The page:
This 3-Second Trick Will Tell You If Your Olive Oil Is The Real Deal

This 3-Second Trick Will Tell You If Your Olive Oil Is The Real Deal

It’s a staple in many kitchens but do you really know what’s in your olive oil?

In fact, 69 percent of the extra-virgin olive oil available at the supermarket is not actually extra virgin.

So how can you tell? Luckily, there is a simple test you can do at home to determine if what you are buying is actually olive oil.

Speaking to Mind Body Green, oil sommelier Katerina Mountanos shares her method for testing if olive oil it really extra virgin. 

“Pour a shot of your olive oil into a small, preferably round glass,” Katerina says. Next, “Cup the glass with one hand and cover the top with the other. We cover the top to trap the scent inside. Twist the glass in your hand to attempt to warm the oil with your body heat and move it around in a circular motion.”

Now, it’s time to put your sense of smell to the test. 

“If it smells fresh like grass, fruit, or vegetables, it’s more likely that your oil is truly extra virgin,” says Katerina.

Other scents could include: “Grass, green or red tomato, banana, arugula, spinach, apple, citrus, or almond.” 

If you can’t smell any of these, it’s most likely not extra virgin olive oil.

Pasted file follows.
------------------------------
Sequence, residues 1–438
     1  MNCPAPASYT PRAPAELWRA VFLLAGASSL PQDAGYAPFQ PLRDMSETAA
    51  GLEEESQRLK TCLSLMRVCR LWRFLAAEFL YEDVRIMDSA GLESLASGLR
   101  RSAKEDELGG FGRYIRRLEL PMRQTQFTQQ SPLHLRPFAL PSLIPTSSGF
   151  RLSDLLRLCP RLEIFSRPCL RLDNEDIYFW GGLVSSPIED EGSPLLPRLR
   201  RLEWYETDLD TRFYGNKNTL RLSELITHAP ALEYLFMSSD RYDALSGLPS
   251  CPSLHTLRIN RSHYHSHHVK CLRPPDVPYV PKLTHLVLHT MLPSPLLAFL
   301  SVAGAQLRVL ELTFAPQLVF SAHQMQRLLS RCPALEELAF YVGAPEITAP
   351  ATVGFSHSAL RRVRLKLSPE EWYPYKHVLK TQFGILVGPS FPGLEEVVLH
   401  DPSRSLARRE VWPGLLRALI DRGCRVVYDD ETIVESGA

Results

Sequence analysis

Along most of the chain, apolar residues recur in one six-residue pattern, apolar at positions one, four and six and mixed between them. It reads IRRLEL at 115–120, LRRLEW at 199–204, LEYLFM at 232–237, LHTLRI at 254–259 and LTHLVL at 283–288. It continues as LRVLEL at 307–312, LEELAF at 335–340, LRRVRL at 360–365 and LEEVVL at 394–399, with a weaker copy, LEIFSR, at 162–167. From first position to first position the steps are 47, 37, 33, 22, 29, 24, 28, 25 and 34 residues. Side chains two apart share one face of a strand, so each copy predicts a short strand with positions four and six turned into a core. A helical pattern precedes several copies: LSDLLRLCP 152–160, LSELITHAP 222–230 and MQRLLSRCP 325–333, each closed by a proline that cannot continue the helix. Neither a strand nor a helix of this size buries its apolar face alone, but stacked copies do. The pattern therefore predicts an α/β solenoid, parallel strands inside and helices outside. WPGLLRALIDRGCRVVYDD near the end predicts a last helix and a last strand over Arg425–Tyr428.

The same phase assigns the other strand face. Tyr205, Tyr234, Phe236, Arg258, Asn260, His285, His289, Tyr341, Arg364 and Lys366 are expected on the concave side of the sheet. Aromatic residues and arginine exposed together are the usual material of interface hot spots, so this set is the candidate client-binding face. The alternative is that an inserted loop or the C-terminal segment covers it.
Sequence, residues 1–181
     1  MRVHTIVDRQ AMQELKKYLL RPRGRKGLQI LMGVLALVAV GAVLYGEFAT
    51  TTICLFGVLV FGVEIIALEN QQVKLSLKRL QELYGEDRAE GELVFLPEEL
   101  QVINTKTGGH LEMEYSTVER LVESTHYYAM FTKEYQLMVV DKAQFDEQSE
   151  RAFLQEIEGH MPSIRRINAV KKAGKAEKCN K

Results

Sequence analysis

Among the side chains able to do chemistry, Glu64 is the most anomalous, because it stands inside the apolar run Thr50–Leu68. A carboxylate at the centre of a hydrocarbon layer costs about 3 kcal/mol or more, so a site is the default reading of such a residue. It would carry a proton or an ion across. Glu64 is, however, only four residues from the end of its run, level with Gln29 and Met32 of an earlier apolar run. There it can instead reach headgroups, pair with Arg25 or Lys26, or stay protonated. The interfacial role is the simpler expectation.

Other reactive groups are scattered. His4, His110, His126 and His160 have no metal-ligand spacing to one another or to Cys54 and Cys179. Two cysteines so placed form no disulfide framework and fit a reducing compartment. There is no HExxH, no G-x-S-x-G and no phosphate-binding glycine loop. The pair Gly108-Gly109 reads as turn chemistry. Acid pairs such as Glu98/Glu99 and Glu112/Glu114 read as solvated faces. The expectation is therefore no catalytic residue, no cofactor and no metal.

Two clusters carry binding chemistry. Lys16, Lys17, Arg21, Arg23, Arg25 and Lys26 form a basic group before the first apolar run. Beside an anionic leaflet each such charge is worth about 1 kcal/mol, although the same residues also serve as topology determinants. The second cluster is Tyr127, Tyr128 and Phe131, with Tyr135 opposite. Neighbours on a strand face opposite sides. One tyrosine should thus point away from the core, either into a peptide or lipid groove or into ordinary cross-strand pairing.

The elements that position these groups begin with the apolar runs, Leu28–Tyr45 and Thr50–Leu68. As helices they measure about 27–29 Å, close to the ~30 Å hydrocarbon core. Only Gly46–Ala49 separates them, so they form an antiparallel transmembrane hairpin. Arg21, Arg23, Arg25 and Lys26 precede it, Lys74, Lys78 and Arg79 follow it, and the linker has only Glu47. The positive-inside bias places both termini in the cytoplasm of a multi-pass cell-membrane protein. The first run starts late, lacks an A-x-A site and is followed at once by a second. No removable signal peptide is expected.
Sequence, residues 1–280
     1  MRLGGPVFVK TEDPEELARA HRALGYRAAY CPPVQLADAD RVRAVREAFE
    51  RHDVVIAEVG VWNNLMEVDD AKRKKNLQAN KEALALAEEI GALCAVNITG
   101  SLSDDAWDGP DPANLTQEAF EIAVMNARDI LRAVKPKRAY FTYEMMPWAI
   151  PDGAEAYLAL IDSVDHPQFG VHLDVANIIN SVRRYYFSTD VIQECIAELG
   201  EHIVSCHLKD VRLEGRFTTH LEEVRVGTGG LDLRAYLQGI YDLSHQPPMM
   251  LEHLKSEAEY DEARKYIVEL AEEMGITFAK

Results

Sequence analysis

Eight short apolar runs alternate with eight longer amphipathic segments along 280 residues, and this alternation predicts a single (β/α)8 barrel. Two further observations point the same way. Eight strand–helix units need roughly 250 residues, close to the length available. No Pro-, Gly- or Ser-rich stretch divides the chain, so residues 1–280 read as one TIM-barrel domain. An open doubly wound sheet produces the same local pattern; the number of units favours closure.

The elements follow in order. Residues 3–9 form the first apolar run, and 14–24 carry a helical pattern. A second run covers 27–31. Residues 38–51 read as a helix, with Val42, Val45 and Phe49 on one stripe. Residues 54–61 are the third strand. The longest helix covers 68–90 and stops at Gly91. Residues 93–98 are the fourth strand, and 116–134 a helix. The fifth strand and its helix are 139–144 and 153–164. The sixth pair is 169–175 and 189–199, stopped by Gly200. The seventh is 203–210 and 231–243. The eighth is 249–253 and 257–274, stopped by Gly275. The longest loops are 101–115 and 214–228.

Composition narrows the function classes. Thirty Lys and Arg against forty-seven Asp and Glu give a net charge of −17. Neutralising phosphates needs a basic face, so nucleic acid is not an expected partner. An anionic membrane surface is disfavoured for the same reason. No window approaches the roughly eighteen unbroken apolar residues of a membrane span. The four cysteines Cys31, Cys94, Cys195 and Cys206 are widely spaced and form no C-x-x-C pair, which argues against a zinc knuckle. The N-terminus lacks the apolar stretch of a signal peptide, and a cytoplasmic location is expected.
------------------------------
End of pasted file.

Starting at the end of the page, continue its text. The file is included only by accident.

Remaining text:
Another way to test the oil is to taste it.

Katerina says to place some of the oil in your mouth but don’t swallow it yet. Let some air into your mouth and churn it around.

“A true extra virgin will reveal lots of fruit and vegetable flavours as you swirl it around your mouth and will have a peppery or bitter taste at the back of your throat when you swallow it.” 

Coughing when swallowing is also a sign of the oil’s authenticity.

“To identify a particularly good olive oil, connoisseurs take a slurp and wait for a curious burning sensation in the throat,” reports Science News

“Sensor molecules found mainly in the human throat — but not the mouth — latch on to a chemical found in superior olive oils. The results provide a scientific basis for the age-old custom of rating superlative extra-virgin olive oils on a scale of one, two or three coughs.”

This article originally appeared on Better Homes and Gardens

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